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Old 09-08-11, 04:06 PM   #1
Airburst
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Seatposts and seattubes

My Apollo folding bike has an annoying issue with the seatpost/seat tube interface. The seatpost fits nicely into the top of the seat tube, but when it gets below a certain point, it becomes extremely stiff and has to be forced down. This wouldn't normally be an issue, but the folding mechanism for the bike involves dropping the seatpost, and it's taking a lot longer to fold the bike than it otherwise would. I've tried flipping the bike over and inserting the seatpost from the bottom of the seat tube, and it starts out stiff when I do that, so I think it's the frame not the seatpost that's the issue.

The stiffness seems to begin when the bottom of the seatpost is level with the area where the main tube of the frame is welded to the seat tube, so I suspect it's got something to do with distortion during welding. I know it's a cheap bike, so this isn't a massive shock, but what can I do to fix this? The frame is aluminium, is there a way to ream out the seat tube?

Thanks in advance, and sorry for the huge post. I seem to say that a lot on here....
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Old 09-08-11, 04:41 PM   #2
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you may find a machine shop tool , an adjustable reamer, at a machine shop.
and bring the ID of the tube in the welding distorted area out
to what it is in the rest of the seat tube .

The tool cost more than your bike, so just figure the shop charge
to have the service done, a bargain
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Old 09-08-11, 05:53 PM   #3
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it sounds like there's some distortion in the frame's seat tube at the joint. There are two possibilities and the signs will be slightly different for both.

If it's only local distortion, which is fairly common at brazed or welded joints, then the post will bind as it comes down to the distorted area, but the binding will be fairly constant as you work the post into the area.

If the tube is slightly bent at the joint, which also happens, then the post will start to bind, and the binding will get steadily worse as you push the post deeper.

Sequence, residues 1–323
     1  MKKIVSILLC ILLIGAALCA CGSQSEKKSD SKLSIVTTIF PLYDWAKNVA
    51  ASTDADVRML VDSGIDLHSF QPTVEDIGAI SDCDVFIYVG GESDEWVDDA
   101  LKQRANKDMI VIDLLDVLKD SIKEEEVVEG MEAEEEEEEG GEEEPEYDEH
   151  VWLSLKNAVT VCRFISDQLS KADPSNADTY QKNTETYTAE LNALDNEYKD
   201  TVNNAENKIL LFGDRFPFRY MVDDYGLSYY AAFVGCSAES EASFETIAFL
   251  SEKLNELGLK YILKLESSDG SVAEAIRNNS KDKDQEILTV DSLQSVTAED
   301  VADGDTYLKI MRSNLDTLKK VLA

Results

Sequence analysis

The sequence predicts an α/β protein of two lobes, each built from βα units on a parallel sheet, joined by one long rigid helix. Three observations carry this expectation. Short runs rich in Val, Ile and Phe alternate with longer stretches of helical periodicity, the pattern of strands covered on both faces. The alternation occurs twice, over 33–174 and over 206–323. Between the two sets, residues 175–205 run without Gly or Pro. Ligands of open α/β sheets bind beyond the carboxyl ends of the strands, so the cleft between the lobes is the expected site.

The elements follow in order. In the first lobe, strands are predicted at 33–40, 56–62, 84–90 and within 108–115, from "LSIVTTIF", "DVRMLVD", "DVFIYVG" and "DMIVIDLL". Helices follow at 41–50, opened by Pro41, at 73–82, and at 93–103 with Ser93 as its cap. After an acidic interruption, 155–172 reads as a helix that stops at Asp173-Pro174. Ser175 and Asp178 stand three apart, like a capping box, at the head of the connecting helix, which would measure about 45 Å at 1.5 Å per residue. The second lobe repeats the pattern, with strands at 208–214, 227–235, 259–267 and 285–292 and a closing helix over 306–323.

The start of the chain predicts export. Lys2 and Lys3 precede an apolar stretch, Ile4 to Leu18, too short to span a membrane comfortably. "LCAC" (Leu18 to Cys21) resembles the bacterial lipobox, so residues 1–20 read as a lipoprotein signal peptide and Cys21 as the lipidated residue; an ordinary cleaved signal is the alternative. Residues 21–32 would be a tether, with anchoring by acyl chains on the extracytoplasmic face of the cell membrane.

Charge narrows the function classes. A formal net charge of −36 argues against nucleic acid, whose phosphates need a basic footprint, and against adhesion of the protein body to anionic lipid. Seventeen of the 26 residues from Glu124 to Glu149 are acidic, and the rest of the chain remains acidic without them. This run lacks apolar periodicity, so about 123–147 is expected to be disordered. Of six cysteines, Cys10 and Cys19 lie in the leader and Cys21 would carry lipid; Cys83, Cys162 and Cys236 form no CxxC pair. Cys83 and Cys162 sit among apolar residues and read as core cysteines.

The former is easiest to correct, and most bike shops have reamers that can handle this, though the may not have handles, or extensions able to reach deep enough. If the binding is fairly slight you may be able to improve it yourself by using medium grit lapping compound, and working the post to lap out the binding area. Lapping compound comes in pint cans but if you have a good relationship with an auto mechanic or engine rebuilder you might be able to "borrow" a teaspoon, though it might pay to have a beer in hand when you ask.
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Old 09-10-11, 02:04 AM   #4
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Quote:
Originally Posted by FBinNY View Post
If it's only local distortion, which is fairly common at brazed or welded joints, then the post will bind as it comes down to the distorted area, but the binding will be fairly constant as you work the post into the area.
It definitely doesn't get much worse as the post goes down

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Originally Posted by FBinNY View Post
The former is easiest to correct, and most bike shops have reamers that can handle this, though the may not have handles, or extensions able to reach deep enough.
How deep can they normally go? The tube is open at the bottom, and the suspect area is about 6 inches in from there. Is that likely to be too far for a bike shop reamer?
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Old 09-10-11, 06:44 AM   #5
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Airburst, I wonder if this could help.
http://www.amazon.com/Brake-Cylinder.../dp/B0030F15FQ

Brad
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Old 09-10-11, 08:11 AM   #6
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Quote:
Originally Posted by Airburst View Post
It definitely doesn't get much worse as the post goes down ......



How deep can they normally go? The tube is open at the bottom, and the suspect area is about 6 inches in from there. Is that likely to be too far for a bike shop reamer?
Six inches is within the range regular seatposts fit into frames, and the typical reamer should reach it fine. Look for a smaller bike shop that seems more driven by service work vs. sales and it should be a fairly straightforward job, not costing a lot.
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Old 09-10-11, 12:29 PM   #7
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Originally Posted by bradtx View Post
Airburst, I wonder if this could help.
http://www.amazon.com/Brake-Cylinder.../dp/B0030F15FQ
Cylinder hones can work, but they can easily remove more material than needed, from places where it ought not to have been removed.

An adjustable reamer will only remove material from the distorted area of the tube and leave the rest alone.

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